Matrix Metalloproteinase-Responsive Superparamagnetic Iron Oxide Nanoparticles (SPIONs) to Distinguish Between Aggressive and Indolent Cancer
Type of DegreePhD Dissertation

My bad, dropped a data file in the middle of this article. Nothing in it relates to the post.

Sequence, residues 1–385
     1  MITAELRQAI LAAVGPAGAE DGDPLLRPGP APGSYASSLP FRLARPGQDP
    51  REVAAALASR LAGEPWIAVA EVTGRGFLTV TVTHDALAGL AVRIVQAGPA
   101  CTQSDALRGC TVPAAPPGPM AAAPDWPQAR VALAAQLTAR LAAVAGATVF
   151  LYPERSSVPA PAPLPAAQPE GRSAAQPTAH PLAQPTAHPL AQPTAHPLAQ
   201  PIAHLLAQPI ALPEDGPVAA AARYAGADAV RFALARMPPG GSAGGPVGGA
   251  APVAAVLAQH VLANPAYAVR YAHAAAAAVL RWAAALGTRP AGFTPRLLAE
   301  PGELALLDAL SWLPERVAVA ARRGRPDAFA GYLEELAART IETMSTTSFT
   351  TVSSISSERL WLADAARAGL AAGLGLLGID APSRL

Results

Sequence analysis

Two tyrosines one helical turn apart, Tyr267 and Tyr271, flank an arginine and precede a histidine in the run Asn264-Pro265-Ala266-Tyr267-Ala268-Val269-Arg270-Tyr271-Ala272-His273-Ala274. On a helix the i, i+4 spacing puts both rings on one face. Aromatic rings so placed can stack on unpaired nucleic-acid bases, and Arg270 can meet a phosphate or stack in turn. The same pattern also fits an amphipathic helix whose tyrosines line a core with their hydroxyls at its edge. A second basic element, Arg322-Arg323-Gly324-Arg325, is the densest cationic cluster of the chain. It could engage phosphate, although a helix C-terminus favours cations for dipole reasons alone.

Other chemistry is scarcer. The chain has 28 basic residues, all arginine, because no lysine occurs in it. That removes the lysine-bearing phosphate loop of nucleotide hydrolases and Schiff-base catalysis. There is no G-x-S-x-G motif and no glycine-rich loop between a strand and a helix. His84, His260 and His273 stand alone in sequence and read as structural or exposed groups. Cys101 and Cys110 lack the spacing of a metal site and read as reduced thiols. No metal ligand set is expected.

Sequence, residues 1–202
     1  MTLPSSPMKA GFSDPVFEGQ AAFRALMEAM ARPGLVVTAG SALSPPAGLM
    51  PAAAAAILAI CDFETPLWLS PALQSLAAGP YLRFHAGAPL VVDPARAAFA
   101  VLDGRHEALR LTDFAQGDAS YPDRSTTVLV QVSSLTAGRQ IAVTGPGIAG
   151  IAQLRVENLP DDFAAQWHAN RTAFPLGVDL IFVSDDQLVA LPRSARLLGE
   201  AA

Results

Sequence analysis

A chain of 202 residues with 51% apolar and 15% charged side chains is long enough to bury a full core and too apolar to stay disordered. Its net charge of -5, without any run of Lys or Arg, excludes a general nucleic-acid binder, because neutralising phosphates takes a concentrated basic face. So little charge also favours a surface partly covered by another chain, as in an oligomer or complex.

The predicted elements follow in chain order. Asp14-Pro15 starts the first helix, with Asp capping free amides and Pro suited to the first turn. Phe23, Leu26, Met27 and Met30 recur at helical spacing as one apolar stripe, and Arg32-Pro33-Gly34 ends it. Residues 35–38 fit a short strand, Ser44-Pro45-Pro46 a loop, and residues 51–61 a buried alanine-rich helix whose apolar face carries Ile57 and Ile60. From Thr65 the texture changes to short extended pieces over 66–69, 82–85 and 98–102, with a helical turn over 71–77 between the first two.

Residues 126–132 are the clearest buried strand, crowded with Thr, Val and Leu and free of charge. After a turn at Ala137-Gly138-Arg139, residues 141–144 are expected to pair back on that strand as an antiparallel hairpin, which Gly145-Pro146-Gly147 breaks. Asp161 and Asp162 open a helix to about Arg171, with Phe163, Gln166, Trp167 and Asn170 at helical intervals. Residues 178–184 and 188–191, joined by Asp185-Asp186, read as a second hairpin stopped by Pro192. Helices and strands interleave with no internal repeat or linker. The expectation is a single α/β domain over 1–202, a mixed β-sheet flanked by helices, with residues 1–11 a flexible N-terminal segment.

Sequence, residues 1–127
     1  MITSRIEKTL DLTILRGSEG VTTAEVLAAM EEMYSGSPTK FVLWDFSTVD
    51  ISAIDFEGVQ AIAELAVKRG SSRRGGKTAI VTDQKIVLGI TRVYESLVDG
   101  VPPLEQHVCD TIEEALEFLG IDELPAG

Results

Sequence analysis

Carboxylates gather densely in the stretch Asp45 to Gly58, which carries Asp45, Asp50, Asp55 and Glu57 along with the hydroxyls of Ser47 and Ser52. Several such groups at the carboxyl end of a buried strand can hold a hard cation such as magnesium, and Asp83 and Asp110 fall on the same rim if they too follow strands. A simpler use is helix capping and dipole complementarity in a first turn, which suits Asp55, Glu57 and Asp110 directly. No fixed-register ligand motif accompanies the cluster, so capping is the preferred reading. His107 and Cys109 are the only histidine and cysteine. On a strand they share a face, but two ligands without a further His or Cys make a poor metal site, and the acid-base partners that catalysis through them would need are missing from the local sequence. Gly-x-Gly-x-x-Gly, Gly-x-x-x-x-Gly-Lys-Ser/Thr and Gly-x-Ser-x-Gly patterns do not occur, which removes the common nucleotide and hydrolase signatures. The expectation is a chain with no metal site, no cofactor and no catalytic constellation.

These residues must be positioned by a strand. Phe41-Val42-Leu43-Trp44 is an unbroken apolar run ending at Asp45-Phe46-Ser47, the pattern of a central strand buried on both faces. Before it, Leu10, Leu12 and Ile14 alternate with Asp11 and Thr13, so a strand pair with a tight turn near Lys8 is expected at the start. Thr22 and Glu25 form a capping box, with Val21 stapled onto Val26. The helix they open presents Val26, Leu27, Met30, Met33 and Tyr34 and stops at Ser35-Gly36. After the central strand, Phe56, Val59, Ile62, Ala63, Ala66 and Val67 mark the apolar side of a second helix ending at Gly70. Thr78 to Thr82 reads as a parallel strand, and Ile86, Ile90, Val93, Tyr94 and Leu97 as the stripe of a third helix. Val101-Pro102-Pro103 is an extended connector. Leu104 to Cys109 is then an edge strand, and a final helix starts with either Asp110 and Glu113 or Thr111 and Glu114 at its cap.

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Biomedical imaging modalities play a key role in the detection and accurate characterization of cancer lesions. While anatomical imaging modalities provide essential information about the location and size of a tumor lesion, they provide little regarding the genetic and molecular abnormalities that characterize various stages of tumorigenesis. On the other hand, molecular imaging modalities detect molecular level changes associated with early stages of tumor progression. Proteases are a class of biomolecules that are heavily involved in tumorigenesis, both at the primary and metastatic sites. The expression of one specific protease, matrix metalloproteinase-2 (MMP-2), correlates with tumor grade, and its catalytic nature and presence in the tumor microenvironment make it an excellent imaging target. While several imaging agents have already been developed to detect MMP-2 activity in the tumor microenvironment, the majority suffer from glaring limitations that hamper clinical success. The goal of this project was to develop a pharmacokinetically stable and tumor targeting imaging agent, based on superparamagnetic iron oxide nanoparticles (SPIONs), for quantifying MMP-2 activity. SPIONs were chosen as the base material due to their favorable toxicity profiles, biocompatibility, and unique physiochemical properties. The surface of SPIONs was decorated with an MMP-2 specific peptide for protease targeting, polyethylene glycol (PEG) for colloidal stability, Cy7 fluorophore for in vivo tracking with multispectral optoacoustic tomography (MSOT), and an RGD peptide for active tumor targeting. Extensive in vitro and in vivo characterization of the imaging agent was conducted, with the agent showing tremendous potential as a diagnostic tool for early detection and accurate characterization of tumor lesions.